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Usury

From Academic Kids

Usury (from the Latin usus meaning "used") was defined originally as charging a fee for the use of money. This usually meant interest on loans, although charging a fee for changing money (as at a bureau de change) is included in the original meaning. After moderate-interest loans became an accepted part of the business world in the early modern age, the word has come to refer to the charging of unreasonable or relatively high rates of interest.

Contents

Historical meaning

Usury (in the original sense of any interest) is scripturally and doctrinally forbidden in many religions. Judaism forbids a Jew to lend at interest to another Jew. It's forbidden in Islam. The most recent Catholic teaching on usury is by Pope Benedict XIV in his Vix Pervenit (http://papal-library.saint-mike.org/BenedictXIV/Encyclicals/Vix_Pervenit.html) from 1745 which strictly forbids the practice, though given the modern day Catholic Church's investments in the banking industry, the prohibition has to be regarded as a dead letter.

While Jewish law forbids the charging of interest to another Jew, Jews are not forbidden to charge interest on transactions to non-Jews. Throughout history, the interest attached to loans by Jews to non-Jews is widely considered to have been a central issue in causing a perception of usury, and contributing to a climate of anti-Semitism. Allegations of usury have been one factor leading to forceful confiscations of property and discrimination against Jews in business practice. Ethnic-based distinctions surrounding the application of interest charges are often perceived as pronounced, discriminatory and unjust, and can inflame existing ethnic divisions.

In the modern world Islamic teachings against Usury probably have the widest influence, and specialized codes of banking have developed to cater for Muslim investors wishing to obey Qur'anic law; see: Islamic banking.

Usury has been denounced by almost every major spiritual leader and philosopher of the past three thousand years. Plato, Aristotle, Cato, Cicero, Seneca, Plutarch, Aquinas, Jesus, Muhammad and Moses are just a few.

Cato in his De Re Rustica said:

"And what do you think of usury?"
"What do you think of murder?"

Biblical injunctions against Usury

The following quotations are from the Bible:

Exodus 22:25 If thou lend money to any of my people that is poor by thee, thou shalt not be to him as an usurer, neither shalt thou lay upon him usury.

Leviticus 25:36 Take thou no usury of him, or increase: but fear thy God; that thy brother may live with thee.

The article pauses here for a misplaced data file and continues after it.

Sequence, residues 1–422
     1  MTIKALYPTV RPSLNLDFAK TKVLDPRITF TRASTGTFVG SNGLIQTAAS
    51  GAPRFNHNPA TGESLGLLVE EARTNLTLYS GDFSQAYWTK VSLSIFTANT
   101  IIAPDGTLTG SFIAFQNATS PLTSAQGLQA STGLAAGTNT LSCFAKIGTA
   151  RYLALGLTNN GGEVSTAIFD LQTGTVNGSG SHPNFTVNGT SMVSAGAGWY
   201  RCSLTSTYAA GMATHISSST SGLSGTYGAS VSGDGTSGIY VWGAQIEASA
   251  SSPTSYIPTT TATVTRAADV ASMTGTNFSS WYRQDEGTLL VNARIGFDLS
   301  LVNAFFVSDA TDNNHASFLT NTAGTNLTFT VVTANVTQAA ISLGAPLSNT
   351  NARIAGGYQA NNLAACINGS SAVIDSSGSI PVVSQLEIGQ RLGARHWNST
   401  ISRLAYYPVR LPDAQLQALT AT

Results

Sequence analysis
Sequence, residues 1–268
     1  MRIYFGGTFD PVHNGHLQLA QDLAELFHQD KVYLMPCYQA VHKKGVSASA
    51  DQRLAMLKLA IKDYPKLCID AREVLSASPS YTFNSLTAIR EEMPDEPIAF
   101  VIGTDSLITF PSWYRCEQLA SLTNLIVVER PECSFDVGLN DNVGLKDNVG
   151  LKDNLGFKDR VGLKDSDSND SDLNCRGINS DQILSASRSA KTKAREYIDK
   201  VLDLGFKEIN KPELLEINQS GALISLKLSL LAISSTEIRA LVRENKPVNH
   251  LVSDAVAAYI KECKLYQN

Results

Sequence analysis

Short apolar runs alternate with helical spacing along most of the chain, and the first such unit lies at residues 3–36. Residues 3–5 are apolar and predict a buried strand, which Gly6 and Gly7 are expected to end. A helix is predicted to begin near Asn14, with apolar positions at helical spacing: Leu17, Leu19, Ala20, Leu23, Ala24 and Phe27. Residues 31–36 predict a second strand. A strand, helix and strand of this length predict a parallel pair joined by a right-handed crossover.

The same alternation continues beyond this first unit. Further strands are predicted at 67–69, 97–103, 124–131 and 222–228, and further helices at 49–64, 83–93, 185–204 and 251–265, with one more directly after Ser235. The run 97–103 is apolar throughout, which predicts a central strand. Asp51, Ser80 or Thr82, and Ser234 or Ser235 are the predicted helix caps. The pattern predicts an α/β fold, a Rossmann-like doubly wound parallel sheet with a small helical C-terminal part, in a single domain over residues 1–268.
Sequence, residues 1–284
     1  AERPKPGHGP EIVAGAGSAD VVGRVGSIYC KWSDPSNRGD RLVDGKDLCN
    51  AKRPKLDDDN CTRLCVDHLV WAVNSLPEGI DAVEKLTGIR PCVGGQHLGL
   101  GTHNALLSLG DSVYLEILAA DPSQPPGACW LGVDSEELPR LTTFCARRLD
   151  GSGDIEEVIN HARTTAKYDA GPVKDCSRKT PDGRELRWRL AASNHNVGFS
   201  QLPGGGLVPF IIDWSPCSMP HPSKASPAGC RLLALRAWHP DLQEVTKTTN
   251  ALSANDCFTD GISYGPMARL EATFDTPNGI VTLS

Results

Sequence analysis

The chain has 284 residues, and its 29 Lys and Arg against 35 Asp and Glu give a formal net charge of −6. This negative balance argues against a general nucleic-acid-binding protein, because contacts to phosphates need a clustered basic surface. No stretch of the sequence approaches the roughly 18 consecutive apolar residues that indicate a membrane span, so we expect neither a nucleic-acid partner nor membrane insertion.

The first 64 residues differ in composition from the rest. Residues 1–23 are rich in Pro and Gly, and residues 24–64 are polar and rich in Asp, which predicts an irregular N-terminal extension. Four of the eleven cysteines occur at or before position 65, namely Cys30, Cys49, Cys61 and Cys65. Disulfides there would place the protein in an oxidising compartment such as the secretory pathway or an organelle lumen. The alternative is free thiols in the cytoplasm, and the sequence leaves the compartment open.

Leviticus 25:37 Thou shalt not give him thy money upon usury, nor lend him thy victuals for increase.

Deuteronomy 23:19 Thou shalt not lend upon usury to thy brother; usury of money, usury of victuals, usury of any thing that is lent upon usury:

Deuteronomy 23:20 Unto a stranger thou mayest lend upon usury; but unto thy brother thou shalt not lend upon usury: that the LORD thy God may bless thee in all that thou settest thine hand to in the land whither thou goest to possess it.

Nehemiah 5:7 Then I consulted with myself, and I rebuked the nobles, and the rulers, and said unto them, Ye exact usury, every one of his brother. And I set a great assembly against them.

Nehemiah 5:10 I likewise, and my brethren, and my servants, might exact of them money and corn: I pray you, let us leave off this usury.

Psalm 15:5 He that putteth not out his money to usury, nor taketh reward against the innocent. He that doeth these things shall never be moved.

Proverbs 28:8 He that by usury and unjust gain increaseth his substance, he shall gather it for him that will pity the poor.

Isaiah 24:2 And it shall be, as with the people, so with the priest; as with the servant, so with his master; as with the maid, so with her mistress; as with the buyer, so with the seller; as with the lender, so with the borrower; as with the taker of usury, so with the giver of usury to him.

Jeremiah 15:10 Woe is me, my mother, that thou hast borne me a man of strife and a man of contention to the whole earth! I have neither lent on usury, nor men have lent to me on usury; yet every one of them doth curse me.

Ezekiel 18:8 He that hath not given forth upon usury, neither hath taken any increase, that hath withdrawn his hand from iniquity, hath executed true judgment between man and man,

Ezekiel 18:13 Hath given forth upon usury, and hath taken increase: shall he then live? he shall not live: he hath done all these abominations; he shall surely die; his blood shall be upon him.

Ezekiel 18:17 That hath taken off his hand from the poor, that hath not received usury nor increase, hath executed my judgments, hath walked in my statutes; he shall not die for the iniquity of his father, he shall surely live.

Ezekiel 22:12 In thee have they taken gifts to shed blood; thou hast taken usury and increase, and thou hast greedily gained of thy neighbours by extortion, and hast forgotten me, saith the Lord GOD.

Qur'anic injunctions against Usury

The following quotations are from the Qur'an:

Al-Baqarah 2:275 Those who charge usury are in the same position as those controlled by the devil's influence. This is because they claim that usury is the same as commerce. However, God permits commerce, and prohibits usury. Thus, whoever heeds this commandment from his Lord, and refrains from usury, he may keep his past earnings, and his judgment rests with God. As for those who persist in usury, they incur Hell, wherein they abide forever

Al-Baqarah 2:276-280 God condemns usury, and blesses charities. God dislikes every disbeliever, guilty. O you who believe, you shall observe God and refrain from all kinds of usury, if you are believers. If you do not, then expect a war from God and His messenger. But if you repent, you may keep your capitals, without inflicting injustice, or incurring injustice. If the debtor is unable to pay, wait for a better time. If you give up the loan as a charity, it would be better for you, if you only knew.

Al-'Imran 3:130 O you who believe, you shall not take usury, compounded over and over. Observe God, that you may succeed.